Glossary

A B C D E F G H I J K L M N O P Q R S T U V W X Y Z

Download the glossary as PDF file.

A

Acoustic emission: non-destructive passive method of monitoring which makes use of the elastic energy released when a material undergoes a change at the atomic scale, such as plastic deformation or cracking. Piezoelectric sensors attached to the surface of the structure detect the surface waves caused by these events and produce a voltage output. Signals which reach any sensor with amplitude greater than a user defined threshold are recorded and subsequently stored on an AE acquisition system. [7]
Adverse state: State in which a performance criterion is not met.
Asset management: broadly defined, refers to any system that monitors and maintains things of value to an entity or group. It may apply to both tangible assets such as buildings and to intangible concepts such as intellectual property and goodwill. Asset management is a systematic process of operating, maintaining, upgrading, and disposing of assets cost-effectively. Alternative views of asset management in the engineering environment are: The practice of managing assets to achieve the greatest return (particularly useful for productive assets such as plant and equipment), and the process of monitoring and maintaining facilities systems, with the objective of providing the best possible service to users (appropriate for public infrastructure assets). [5]
Availability: The probability that a component or system is functioning at a time t.

B

Bayesian decision theory: is based upon Utility theory [11] and is formulated in reference [8]. It represents a probabilistic framework to quantify the utility and decision attributes (such as costs, benefits, consequences for human safety). It is differentiated between a prior, posterior, pre-posterior and a Value of information analysis.
Bayesian updating: takes basis in the Bayes theorem.
Benefit
: A benefit constitutes a decision attribute associated with a gain.

C

Capacity: ability of a member or a component, or a cross-section of a structure to action without mechanical failure e.g. bending resistance, buckling resistance, available ductility.. (IRIS-CEN modified).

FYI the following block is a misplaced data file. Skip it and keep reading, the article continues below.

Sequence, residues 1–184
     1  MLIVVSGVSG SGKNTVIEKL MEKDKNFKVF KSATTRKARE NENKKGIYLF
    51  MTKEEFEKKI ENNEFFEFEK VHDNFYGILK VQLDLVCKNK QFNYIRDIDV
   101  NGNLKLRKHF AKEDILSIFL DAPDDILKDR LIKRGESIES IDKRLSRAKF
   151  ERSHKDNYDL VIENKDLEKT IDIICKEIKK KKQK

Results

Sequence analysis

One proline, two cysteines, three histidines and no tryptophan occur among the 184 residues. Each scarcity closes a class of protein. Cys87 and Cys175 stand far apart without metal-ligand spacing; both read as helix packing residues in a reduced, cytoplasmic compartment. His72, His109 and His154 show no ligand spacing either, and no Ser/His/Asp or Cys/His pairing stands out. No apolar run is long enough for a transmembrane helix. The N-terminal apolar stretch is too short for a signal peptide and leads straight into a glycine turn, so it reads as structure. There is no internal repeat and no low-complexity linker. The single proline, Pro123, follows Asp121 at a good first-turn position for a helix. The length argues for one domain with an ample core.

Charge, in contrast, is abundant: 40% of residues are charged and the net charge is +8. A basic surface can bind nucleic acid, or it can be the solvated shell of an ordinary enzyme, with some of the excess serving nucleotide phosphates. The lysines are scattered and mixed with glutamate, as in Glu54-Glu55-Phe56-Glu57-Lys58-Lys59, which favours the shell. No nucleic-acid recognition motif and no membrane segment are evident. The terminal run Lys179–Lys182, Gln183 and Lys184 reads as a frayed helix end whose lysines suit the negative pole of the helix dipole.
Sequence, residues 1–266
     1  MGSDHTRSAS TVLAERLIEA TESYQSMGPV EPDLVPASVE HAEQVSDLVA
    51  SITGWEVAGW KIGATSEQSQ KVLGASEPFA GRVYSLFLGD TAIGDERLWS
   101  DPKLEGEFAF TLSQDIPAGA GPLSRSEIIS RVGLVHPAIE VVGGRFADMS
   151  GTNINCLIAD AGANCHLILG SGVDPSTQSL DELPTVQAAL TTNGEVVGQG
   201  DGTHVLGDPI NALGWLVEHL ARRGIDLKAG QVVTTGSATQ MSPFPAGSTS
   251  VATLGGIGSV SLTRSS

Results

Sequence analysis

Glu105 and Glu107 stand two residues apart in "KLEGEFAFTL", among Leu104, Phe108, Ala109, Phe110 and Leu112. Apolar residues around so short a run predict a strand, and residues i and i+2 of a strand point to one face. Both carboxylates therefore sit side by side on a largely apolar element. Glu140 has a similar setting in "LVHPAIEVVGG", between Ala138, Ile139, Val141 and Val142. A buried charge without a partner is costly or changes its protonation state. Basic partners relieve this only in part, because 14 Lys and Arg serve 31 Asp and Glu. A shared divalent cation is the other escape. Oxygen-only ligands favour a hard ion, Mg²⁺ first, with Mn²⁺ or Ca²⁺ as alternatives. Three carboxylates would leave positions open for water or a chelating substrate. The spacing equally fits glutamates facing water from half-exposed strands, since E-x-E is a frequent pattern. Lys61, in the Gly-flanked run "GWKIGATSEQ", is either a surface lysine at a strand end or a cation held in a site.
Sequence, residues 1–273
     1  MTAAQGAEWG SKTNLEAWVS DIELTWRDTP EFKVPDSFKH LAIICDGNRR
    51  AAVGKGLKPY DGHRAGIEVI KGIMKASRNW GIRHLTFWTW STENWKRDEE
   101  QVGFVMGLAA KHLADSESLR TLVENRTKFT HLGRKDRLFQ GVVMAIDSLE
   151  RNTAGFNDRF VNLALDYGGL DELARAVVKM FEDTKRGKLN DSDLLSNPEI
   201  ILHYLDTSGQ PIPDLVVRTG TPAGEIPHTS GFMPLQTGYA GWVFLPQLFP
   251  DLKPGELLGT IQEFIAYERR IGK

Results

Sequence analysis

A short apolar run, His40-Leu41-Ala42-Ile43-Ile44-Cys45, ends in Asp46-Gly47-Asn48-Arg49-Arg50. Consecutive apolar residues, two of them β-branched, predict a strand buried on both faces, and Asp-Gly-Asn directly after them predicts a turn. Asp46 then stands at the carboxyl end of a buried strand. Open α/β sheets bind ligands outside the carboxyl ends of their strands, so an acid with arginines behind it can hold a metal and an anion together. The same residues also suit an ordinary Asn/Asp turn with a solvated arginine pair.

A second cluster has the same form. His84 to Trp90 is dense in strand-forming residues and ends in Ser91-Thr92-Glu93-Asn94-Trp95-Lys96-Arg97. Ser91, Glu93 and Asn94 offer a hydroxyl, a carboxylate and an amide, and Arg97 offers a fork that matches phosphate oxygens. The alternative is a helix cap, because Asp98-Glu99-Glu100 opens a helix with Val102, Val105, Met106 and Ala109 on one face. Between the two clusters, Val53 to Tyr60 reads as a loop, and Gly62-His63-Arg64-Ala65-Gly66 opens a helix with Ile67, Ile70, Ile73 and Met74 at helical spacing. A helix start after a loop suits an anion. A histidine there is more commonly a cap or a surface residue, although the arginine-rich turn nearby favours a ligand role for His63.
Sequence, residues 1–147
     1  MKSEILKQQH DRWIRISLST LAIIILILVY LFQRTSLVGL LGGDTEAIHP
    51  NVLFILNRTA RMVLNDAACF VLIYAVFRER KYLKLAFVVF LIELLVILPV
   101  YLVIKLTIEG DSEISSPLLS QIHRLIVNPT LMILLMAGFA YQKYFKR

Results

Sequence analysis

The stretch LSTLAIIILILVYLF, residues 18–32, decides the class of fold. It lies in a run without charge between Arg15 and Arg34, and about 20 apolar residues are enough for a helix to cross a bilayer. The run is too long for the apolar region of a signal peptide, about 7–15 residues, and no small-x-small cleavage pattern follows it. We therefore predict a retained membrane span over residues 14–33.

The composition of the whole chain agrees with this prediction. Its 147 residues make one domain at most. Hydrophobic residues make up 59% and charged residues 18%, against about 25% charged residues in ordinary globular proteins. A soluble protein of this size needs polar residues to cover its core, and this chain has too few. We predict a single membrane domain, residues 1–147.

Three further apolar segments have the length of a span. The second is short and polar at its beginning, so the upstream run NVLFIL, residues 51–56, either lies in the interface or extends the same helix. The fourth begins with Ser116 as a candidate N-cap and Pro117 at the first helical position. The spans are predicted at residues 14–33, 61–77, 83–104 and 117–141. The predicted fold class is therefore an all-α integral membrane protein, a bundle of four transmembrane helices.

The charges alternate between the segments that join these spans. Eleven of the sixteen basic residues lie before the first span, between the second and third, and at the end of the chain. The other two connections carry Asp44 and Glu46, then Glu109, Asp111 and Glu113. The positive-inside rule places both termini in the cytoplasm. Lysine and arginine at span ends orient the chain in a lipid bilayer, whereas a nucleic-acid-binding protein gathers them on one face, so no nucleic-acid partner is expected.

Condition assessment: the process of reviewing information gathered about the current condition of structure or its components, its service environment and general circumstances, allowing a prognosis to be made of current and future performance, taking account of active deterioration processes and actual damage and, if appropriate, predictions of potential future deterioration processes and future damage.
Condition monitoring: damage identification in rotating and reciprocating machinery [3].

D

Damage: physical disruption or changes to the material and/or geometric properties of these a systems, including changes to the boundary conditions and system connectivity, which adversely affect the system’s performance [3].
Damage assessment: Process of ascertaining the severity of the damage to a structure.
Damage detection: Process of ascertaining whether the damage to structure exists or not. [10]
Damage feature: quantifiable property or pattern sensitive to damage. It can be either directly monitored (e.g., strain) or extracted from monitoring data (e.g., modal characteristics from accelerometer measurements) [10].
Damage feature extraction: Extracting a quantifiable property or pattern sensitive to damage from monitoring data (e.g., modal characteristics from accelerometer measurements) (based on definition of damage feature in [10]).
Damage identification: In addition to damage detection, localization and assessment, damage identification includes ascertaining the cause of the damage and its consequences.